Sinja Hallam

Sinja Hallam is a globally recognized executive coach, facilitator and speaker. 

She tells us that, “I hold a Master of Business Administration, am a member of the International Coaching Federation (ICF) and have a rich background in organizational change management and transformation across various industries—including banking, oil and gas, mining, and utilities— I bring a deep focus to the complexities that all leaders face but especially women in male dominant and constantly changing organizations.

I coach Fortune 100 leaders worldwide at VP and SVP levels as well as seasoned and emerging leaders. I integrate positive psychology, emotional intelligence, and neuroscience to effect transformative change for my clients in an encouraging and non-judgmental space, empowering them to become legacy leaders by challenging outdated leadership models and bringing about the sustainable working environments of the future with heart.”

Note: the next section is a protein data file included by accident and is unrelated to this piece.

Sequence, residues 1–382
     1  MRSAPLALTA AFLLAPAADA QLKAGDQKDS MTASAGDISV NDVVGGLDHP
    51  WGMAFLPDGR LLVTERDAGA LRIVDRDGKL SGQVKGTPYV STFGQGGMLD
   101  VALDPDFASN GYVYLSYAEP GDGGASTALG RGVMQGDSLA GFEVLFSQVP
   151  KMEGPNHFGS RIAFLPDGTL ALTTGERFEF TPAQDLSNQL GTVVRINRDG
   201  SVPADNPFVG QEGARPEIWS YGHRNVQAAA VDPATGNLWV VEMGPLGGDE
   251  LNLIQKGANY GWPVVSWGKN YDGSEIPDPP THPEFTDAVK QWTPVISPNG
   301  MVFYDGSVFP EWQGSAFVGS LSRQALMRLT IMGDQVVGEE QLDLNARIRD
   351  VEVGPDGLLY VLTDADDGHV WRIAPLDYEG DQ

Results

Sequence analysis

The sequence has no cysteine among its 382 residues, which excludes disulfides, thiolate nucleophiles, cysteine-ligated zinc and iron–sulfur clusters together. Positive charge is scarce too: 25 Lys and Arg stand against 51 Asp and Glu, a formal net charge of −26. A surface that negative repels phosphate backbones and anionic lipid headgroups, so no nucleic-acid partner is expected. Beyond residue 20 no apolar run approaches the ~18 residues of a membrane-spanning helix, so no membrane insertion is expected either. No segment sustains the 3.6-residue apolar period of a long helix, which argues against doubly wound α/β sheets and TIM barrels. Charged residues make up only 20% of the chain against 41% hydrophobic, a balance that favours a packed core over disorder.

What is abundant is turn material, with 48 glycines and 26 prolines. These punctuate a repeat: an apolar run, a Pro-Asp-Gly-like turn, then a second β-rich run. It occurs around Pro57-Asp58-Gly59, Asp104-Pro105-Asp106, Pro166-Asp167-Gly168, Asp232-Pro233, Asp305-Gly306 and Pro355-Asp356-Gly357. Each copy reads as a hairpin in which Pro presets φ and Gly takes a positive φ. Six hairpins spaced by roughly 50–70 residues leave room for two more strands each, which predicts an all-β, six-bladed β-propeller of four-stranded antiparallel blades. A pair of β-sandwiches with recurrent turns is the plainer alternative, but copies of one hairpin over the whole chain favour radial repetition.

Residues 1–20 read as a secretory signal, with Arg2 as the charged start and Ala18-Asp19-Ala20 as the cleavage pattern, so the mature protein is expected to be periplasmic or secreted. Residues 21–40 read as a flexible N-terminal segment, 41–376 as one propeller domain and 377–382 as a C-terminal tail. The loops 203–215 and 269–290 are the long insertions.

What were your initial years of growing up like? Tell us about your life before starting your corporate journey/venture/initiative.